Increase PO intake – when it comes to food one must always be empathetic. I would never want to ruin a child’s relationship with food so I always use caution with these interventions. Depending on the age, fun plates/cups/utensils of their favorite characters will do the trick. Other times an incentive chart will help. I’ve had a lot of success with simply changing the subject; stop talking about food and do something else. Leave the food around, engage in play, and the eating will often start organically. I mean, who doesn’t like to munch on some waffles while setting up Lego’s. It’s definitely a syrupy mess but hey, he ate! Providing play food and letting them freely play and feed their toys can also be helpful.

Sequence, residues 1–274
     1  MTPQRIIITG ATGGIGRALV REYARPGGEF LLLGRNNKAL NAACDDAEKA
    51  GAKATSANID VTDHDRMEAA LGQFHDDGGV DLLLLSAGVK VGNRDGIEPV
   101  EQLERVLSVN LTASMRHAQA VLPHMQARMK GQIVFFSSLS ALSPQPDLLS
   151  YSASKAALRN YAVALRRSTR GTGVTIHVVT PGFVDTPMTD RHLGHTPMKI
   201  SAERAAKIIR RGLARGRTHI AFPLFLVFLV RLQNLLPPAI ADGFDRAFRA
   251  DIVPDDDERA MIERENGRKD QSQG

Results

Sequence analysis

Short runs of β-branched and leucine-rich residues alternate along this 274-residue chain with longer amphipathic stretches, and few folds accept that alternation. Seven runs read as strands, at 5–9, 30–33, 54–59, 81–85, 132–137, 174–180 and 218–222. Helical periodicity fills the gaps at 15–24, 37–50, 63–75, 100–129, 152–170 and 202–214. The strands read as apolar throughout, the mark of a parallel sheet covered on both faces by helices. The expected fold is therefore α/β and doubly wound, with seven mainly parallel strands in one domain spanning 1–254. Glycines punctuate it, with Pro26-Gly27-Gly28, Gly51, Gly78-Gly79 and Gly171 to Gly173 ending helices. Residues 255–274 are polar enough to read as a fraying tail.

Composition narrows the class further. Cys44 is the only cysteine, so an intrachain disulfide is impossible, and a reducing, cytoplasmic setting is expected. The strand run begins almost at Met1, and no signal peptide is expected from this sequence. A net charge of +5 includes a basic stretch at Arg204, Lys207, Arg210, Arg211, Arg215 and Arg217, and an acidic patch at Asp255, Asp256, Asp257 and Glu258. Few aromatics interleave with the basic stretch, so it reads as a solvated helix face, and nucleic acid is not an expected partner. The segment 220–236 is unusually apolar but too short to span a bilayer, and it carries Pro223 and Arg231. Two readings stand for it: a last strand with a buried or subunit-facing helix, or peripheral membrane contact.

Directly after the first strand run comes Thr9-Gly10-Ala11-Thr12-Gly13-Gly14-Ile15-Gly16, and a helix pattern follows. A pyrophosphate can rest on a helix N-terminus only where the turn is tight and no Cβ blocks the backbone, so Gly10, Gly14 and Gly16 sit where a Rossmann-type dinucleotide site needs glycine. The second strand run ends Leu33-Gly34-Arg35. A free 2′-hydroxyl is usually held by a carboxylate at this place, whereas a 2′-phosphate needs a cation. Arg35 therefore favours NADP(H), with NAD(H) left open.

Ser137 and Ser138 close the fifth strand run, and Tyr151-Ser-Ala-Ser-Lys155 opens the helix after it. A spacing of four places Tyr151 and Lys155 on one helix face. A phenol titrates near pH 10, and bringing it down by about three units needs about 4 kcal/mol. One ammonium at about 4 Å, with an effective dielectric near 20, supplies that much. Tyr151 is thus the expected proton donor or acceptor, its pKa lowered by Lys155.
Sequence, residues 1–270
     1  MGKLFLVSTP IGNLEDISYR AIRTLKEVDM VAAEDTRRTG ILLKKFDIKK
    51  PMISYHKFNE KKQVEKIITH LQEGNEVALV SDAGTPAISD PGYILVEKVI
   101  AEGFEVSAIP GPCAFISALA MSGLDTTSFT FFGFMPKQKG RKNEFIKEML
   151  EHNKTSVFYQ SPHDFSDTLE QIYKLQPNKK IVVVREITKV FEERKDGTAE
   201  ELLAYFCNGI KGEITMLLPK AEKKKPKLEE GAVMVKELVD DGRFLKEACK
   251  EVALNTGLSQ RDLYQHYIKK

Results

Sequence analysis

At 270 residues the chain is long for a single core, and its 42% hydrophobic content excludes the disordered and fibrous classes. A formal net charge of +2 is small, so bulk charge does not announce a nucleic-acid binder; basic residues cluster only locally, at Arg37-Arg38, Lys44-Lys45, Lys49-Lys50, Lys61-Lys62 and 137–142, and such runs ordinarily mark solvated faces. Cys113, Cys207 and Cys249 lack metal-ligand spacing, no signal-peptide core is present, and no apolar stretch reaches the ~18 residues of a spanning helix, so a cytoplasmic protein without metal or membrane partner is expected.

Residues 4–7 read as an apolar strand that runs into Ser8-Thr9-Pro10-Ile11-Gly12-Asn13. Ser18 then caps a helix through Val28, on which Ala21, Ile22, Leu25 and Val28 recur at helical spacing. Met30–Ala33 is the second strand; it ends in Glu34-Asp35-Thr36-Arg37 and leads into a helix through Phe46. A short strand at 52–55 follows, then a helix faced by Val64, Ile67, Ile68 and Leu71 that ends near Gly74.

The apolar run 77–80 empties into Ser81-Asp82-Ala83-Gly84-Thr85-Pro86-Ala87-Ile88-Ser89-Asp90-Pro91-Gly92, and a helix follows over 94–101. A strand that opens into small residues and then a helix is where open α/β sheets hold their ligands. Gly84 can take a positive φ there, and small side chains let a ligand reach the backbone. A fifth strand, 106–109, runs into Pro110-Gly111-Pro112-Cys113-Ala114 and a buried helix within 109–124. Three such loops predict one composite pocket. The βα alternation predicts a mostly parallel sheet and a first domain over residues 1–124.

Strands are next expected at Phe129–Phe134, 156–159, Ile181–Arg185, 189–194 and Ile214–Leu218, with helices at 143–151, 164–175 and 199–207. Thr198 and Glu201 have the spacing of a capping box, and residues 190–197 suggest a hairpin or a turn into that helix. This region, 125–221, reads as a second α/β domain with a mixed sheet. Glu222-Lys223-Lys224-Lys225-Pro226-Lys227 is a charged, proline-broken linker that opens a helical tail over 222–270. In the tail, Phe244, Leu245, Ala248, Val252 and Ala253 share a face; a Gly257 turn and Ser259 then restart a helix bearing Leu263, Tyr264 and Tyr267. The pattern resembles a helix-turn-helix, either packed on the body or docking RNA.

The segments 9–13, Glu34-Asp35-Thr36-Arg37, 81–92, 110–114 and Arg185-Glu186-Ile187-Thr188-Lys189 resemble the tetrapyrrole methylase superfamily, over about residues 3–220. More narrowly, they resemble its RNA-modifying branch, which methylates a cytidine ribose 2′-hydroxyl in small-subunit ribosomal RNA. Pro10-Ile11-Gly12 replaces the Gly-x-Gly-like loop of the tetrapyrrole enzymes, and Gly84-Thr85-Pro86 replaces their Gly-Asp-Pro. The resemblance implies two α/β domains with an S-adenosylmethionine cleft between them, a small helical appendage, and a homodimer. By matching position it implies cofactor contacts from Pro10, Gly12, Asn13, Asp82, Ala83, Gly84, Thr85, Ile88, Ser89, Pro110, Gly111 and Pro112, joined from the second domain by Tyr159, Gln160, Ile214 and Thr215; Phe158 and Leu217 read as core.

Incentive spirometer – many patients are required to use an incentive spirometer after certain breathing treatments. The ones at my hospital have fun designs on them that make them look like a game. However, I get consults to help with these patients all the time! Kids hate using them! So, leave it to me with my bag of tricks to get kids to breathe. Check out my previous post on yoga and deep breathing as this is always my first go to. I also like to give kids choices so I have kazoo’s, bubbles, string pipe toy, and other fun breathing toys to get them to take those deep breaths. Even toddlers get in on the breathing fun by blowing out the candles on my birthday cake. There’s nothing toddlers love more than songs, repetition, and a cause and effect toy!